- The Moving Process: To keep children enthusiastic about the move during the time prior to moving day involve them in the preparation process. Give them a photo of the home’s exterior to show to their friends and a sketch of the floor plan of their room so they can plan where they want to place their possessions. Begin to orient them to their new area by showing them on a map the locations of the nearest parks schools movie theaters and other attractions.
A child who is motivated about a move and comfortable with the idea of a new environment can make the experience more pleasant for parents as well. When you relieve the stress your children are feeling you reduce your own stress enormously. Then you are freer to concentrate more clearly on the other aspects of your move.
Moving with your Pet
Make sure your pet is in the best possible physical condition. Before the move schedule a checkup at a veterinarian clinic making sure your pet receives preventative treatments such as vaccination and deworming.
Ask your veterinarian about regional diseases which a pet might encounter. With cats there is a concern about their catching feline leukemia which is a viral-transmitted cancer. In urban areas where more cats are apt to run loose there is a greater chance of transmission. Have a new ID tag made before you move. Pets are most often lost soon after a move since they are confused about where home is.
Pet Travel Considerations
Before the long drive acclimate your pet to travel by taking it on short trips. When traveling some of the same considerations given children apply to pets. Give them plenty of breaks. Anticipate thirst with conveniently carried water or chopped ice. Exercise your pet at the beginning of each day of travel allowing enough time for the emptying of bladder and bowels. Restrict food intake to half portions at the end of the day. When stopping to eat leaving the pet in a closed car is dangerous as heat prostration can happen very rapidly. This problem can be handled by eating in shifts leaving someone to tend to the pet.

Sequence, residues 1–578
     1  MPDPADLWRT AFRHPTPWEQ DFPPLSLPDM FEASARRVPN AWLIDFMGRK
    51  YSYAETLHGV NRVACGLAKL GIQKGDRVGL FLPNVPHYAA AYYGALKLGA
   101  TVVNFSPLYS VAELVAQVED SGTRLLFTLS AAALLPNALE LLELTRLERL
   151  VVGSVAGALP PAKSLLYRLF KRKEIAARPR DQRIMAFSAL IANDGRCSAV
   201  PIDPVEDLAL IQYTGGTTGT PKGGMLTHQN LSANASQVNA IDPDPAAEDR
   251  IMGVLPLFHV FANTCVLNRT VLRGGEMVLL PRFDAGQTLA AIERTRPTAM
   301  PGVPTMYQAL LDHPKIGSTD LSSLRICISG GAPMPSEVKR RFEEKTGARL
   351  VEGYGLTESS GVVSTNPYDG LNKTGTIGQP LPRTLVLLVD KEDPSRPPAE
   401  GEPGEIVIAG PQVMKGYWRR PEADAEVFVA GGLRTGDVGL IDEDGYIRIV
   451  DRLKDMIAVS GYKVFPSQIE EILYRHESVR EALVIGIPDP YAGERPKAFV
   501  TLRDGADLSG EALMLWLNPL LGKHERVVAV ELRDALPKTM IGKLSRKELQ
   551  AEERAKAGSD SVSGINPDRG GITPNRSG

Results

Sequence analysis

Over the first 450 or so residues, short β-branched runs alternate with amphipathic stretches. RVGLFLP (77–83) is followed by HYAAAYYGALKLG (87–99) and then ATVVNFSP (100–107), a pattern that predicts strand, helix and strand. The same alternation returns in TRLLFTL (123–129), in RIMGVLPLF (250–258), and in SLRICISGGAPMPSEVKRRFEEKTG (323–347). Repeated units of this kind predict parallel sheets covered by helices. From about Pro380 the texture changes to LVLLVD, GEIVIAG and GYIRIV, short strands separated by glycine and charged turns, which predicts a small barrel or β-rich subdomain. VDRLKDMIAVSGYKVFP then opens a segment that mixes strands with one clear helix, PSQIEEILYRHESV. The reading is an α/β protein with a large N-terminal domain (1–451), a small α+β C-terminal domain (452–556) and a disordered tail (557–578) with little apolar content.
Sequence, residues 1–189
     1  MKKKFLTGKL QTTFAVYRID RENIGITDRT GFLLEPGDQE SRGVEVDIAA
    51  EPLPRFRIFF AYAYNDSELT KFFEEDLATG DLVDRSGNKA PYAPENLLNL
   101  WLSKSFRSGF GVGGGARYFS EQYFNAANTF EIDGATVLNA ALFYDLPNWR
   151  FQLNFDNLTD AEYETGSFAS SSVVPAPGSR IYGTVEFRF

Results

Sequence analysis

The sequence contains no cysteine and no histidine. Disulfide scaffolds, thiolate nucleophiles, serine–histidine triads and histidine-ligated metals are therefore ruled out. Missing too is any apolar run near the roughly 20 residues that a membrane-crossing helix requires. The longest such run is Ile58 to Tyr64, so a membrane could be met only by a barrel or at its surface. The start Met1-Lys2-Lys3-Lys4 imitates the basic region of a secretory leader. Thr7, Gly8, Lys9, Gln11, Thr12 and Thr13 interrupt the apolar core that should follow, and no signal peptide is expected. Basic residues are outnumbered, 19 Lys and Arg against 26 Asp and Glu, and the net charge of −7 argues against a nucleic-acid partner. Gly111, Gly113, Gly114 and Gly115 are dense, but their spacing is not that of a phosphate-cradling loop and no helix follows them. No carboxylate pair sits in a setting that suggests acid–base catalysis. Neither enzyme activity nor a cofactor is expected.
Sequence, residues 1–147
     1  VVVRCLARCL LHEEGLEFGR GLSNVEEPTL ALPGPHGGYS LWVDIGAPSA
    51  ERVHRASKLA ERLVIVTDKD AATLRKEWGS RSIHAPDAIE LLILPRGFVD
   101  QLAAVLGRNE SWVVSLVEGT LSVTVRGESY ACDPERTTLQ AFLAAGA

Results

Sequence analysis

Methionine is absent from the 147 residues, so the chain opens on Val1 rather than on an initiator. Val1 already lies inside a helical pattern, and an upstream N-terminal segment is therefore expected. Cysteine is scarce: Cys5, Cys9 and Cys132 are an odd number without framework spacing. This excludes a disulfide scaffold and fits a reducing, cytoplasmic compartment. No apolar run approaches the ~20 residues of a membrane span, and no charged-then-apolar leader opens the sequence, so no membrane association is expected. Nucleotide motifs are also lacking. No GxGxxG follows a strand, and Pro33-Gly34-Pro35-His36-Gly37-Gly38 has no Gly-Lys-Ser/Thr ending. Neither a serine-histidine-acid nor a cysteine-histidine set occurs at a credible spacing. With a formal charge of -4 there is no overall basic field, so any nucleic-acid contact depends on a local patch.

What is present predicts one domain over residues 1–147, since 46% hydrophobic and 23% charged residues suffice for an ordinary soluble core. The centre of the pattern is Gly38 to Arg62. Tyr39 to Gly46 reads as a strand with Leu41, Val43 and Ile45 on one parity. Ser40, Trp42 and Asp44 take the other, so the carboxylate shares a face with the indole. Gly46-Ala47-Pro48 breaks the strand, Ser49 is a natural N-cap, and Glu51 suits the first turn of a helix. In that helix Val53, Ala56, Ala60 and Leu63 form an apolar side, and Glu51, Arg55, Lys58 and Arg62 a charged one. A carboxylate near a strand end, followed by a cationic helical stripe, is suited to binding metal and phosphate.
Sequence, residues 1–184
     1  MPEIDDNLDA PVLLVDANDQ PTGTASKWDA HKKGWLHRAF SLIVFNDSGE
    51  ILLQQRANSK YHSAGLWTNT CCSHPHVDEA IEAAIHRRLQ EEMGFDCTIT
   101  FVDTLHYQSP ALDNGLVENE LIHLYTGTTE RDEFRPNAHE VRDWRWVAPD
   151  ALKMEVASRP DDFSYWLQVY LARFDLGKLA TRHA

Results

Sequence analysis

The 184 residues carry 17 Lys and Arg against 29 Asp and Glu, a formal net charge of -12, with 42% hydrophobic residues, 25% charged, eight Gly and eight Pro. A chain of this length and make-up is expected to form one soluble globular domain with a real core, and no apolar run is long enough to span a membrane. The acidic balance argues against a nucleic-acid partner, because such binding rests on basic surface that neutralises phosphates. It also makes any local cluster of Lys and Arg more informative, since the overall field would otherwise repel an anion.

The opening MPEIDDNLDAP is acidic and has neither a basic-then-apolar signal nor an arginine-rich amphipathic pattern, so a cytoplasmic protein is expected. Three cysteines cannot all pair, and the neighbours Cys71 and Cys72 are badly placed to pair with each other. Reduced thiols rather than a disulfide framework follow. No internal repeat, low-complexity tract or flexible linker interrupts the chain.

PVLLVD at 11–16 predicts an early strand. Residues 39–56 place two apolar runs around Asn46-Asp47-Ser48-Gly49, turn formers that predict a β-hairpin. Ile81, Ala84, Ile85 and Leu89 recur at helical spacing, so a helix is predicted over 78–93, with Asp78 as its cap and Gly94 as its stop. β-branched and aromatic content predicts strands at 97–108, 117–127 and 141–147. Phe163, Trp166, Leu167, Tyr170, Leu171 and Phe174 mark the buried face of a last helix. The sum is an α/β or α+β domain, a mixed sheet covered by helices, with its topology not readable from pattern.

In making rest stops go off the expressway to avoid the possibility of your pet contracting Parvo disease a serious intestinal canine disorder transmitted by dog stool. Check ahead with hotels or motels regarding any pet restrictions for overnight stays.
What To Do if Flying
Plane travel may mean some type of tranquilization for your pet. Animals should not be fed before the flight but should be given plenty of water. Arrange to have access to the baggage compartment to be able to provide your pet with exercise and water during layovers. Check ahead of flight time as some airlines allow one small pet per plane to be stored under a seat. Have correct documentation for air travel – certificates of vaccinations and medical checkups and a medical history summary. Inter-state certificates may be required by some carriers.
Once You’ve Arrived
Make the transition smooth by helping to re-establish your pet’s habits. You can expect some different behavior patterns like aggressive acts or accidents in the house when the pet experiences a change in its normal activities.